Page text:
Full Disclosure: Black Swan Sounds gave me a free CD so I could write this review.
I am under no obligation to like it as much as I do.
Everytime I see him, Nicholas Giacomini gives love.
He prefers hugs over handshakes, laughs easily and has a quiet smile which twinkles with humility and a pleasant hint of mischief. He has, in my experience, always shown genuine curiosity and concern for others, and tends to weave effortless rhyming into his speech patterns.
This will be your best hint that you’re speaking with an internationally-known MC whose debut album Elephant Power (plus its subsequent remixes) has hovered atop the iTunes World Music charts since March of 2010.
On June 19, 2012, MC Yogi’s sophomore effort, dubbed Pilgrimage, will be released through Black Swan Sounds, the funky-fresh subsidiary of renowned White Swan Records.
Pilgrimage represents a very promising step forward for young Giacomini. The album as a whole is jubilant, bursting with playful rhythms and exalted rhymes plus a horn section that runs a celebratory stampede across the plains, peaks and valleys of this diverse soundscape.
If Elephant Power was in some ways a collection of self-contained anthems, Pilgrimage holds together as a more coherent whole. It’s a fluid work, with moods and movements, which of course include its share of ecstatic, anthemic tracks, such as “Fly So High” and “Sunlight.”
MC Yogi provides an approachable access point to Hindu mythology for all ages and persuasions. Giacomini’s signature storytelling is very much present in tracks like “Hanuman,” (available here for FREE download), and is ever-better, smoother and more piercing. As the former graffiti artist Giacomini explains in his interview with NPR:
I consider my version of the myths to be the comic book version… Weaving these myths into the hip-hop style is for the kid in all of us, and it is a real simplified version because I want to speak in a language that everyone can understand.
However, Pilgrimage consists less of stories culled from the Ramayana or Gita than it does lyrics borne from Giacomini’s own heartfelt experience. This is a refreshing progression, an opening continued beautifully, fun and helpful for all.
For me, “Shedding Skin (Beloved Friend)” is the high point of the album. It arises out of a track called “Sacred Fire,” in which devotees chant the Guru mantra near a crackling homa. And when it kicks in,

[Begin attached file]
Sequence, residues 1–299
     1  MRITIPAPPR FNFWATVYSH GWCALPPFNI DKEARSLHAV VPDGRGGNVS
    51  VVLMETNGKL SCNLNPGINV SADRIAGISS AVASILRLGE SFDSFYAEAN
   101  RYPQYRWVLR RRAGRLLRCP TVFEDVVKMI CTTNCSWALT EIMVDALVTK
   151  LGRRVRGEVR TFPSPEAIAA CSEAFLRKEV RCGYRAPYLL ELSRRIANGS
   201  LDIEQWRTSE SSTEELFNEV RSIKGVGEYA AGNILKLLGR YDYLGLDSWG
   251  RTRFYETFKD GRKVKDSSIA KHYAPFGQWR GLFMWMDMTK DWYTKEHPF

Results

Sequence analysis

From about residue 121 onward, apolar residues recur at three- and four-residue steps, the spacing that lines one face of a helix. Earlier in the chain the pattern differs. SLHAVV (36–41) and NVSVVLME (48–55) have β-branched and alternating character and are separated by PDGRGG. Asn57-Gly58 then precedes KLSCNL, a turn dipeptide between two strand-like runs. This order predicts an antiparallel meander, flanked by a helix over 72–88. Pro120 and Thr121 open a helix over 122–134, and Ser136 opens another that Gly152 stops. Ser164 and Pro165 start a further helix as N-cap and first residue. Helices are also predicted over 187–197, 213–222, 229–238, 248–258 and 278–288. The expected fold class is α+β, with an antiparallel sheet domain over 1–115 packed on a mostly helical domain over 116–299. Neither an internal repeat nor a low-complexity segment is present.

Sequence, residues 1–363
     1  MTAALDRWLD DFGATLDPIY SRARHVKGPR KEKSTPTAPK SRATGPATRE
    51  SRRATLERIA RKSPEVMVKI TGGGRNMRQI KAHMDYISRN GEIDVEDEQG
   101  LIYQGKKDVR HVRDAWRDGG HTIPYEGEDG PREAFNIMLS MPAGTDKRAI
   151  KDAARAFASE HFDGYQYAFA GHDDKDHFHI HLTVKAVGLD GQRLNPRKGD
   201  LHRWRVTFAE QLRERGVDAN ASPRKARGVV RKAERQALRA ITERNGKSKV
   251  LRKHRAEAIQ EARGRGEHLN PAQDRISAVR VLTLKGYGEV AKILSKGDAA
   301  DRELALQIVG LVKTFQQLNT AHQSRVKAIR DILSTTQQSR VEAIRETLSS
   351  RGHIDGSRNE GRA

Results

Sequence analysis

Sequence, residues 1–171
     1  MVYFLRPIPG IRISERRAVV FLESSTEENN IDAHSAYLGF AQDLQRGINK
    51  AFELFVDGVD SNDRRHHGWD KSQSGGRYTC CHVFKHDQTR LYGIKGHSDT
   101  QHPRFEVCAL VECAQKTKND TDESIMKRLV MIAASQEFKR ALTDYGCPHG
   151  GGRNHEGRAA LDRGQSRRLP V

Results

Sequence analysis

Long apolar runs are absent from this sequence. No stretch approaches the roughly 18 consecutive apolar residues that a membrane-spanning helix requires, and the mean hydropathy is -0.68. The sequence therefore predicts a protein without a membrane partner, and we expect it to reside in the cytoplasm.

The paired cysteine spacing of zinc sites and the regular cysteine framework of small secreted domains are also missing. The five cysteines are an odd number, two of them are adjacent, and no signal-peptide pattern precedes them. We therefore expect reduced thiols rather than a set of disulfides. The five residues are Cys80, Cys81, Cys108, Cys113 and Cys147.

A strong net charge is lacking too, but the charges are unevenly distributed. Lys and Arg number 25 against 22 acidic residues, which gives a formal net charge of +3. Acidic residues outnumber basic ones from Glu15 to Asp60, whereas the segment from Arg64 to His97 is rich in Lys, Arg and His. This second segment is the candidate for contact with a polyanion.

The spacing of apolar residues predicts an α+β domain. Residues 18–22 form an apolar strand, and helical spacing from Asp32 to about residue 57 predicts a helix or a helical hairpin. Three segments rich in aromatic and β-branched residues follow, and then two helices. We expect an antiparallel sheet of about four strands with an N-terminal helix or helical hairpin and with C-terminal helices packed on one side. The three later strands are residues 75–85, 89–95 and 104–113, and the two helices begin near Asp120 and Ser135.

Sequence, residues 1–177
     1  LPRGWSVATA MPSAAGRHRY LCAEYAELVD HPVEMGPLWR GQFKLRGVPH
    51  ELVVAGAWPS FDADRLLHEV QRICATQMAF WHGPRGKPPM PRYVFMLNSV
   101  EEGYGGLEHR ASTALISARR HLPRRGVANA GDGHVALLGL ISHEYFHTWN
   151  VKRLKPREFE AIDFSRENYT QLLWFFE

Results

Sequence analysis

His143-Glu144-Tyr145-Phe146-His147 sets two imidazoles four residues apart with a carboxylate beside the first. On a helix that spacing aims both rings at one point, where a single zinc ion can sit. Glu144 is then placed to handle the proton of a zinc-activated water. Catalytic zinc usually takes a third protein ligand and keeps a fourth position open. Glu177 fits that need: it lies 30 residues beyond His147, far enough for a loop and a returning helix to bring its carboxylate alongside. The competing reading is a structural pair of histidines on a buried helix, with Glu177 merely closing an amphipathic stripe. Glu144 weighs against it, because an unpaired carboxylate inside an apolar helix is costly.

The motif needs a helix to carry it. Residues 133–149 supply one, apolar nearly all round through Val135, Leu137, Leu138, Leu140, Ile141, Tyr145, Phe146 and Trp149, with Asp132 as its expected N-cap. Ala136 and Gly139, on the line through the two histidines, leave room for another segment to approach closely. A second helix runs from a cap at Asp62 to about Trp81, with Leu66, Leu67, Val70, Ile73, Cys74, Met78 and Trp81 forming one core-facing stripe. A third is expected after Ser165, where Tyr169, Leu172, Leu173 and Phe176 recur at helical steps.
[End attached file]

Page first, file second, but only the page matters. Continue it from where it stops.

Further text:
Caught up in the pain callin’ out Your name,
tears streamin’ down my face fallin’ just like rain.
I remember the day you had to go away
Said you couldn’t stay it would be okay.
You said that you would see me again
[Wrapped] In the arms of the beloved friend. (repeat)
How long must I long?
How long must I long?
I long to belong in your arms again
My beloved friend. / My beloved friend.
I know nothing of anyone else, but I know this longing well and here it finds poignant expression. Even if devotional poetry is not your thing, this track might still bring you a tingle.
Giacomini’s delivery is ripe with restrained desperation. Flutes soar over a low, steady tone and between them something of a jig comes in. Then it becomes downright glorious before falling into pranams.
Centered upon a profoundly powerful mantra, “I Am That” thrusts and rumbles like low thunder, successfully making perfectly sublime syllables appropriate for a dark, sweaty dance-hall, full of bodies moving like amoeba.
“Breath Control” is built upon a grimy Beastie Boys sample and their influence can be felt throughout the album. I appreciate this greatly.
Additional links detectable in the music include Cheb i Sabbah, DJ Drez and Duke Mushroom, all of whom are shouted-out in the album liner.
DJ Drez praises Pilgrimage, mentioning that its “conscious party rocking vocals” will appeal to those yogis who dig “bumping beats and desire uplifting music that isn’t too soft.”
Offering further depth to the sonic tales, www.PilgrimageProject.me displays Giacomini’s photographic documentation of the trip to India which is the spirit breathing through this new creation.
In his interview with The Examiner, Giacomini calls the trip “[p]hysically, mentally and spiritually realigning,” and indeed, that sense of freshness permeates the project.
Pilgrimage shows Giacomini to be a crucial cog in the beautiful musical movement arising alongside the exponential spread of yoga in the West.
This is a new brand of bhakti joining authentic devotional traditions with the most excellent elements of dub, hip-hop and tribal dance. It is fresh, clean, heart-opening and has me singing sacred mantras all night and day. This is what the “Black Swan” sound is all about.
I’ve even caught my utterly un-yogic friends nodding their blessed noggins to these beats, unaware of the knowledge subliminally penetrating their tender brain matter.
DTM Over and Out.
Editor: Lynn Hasselberger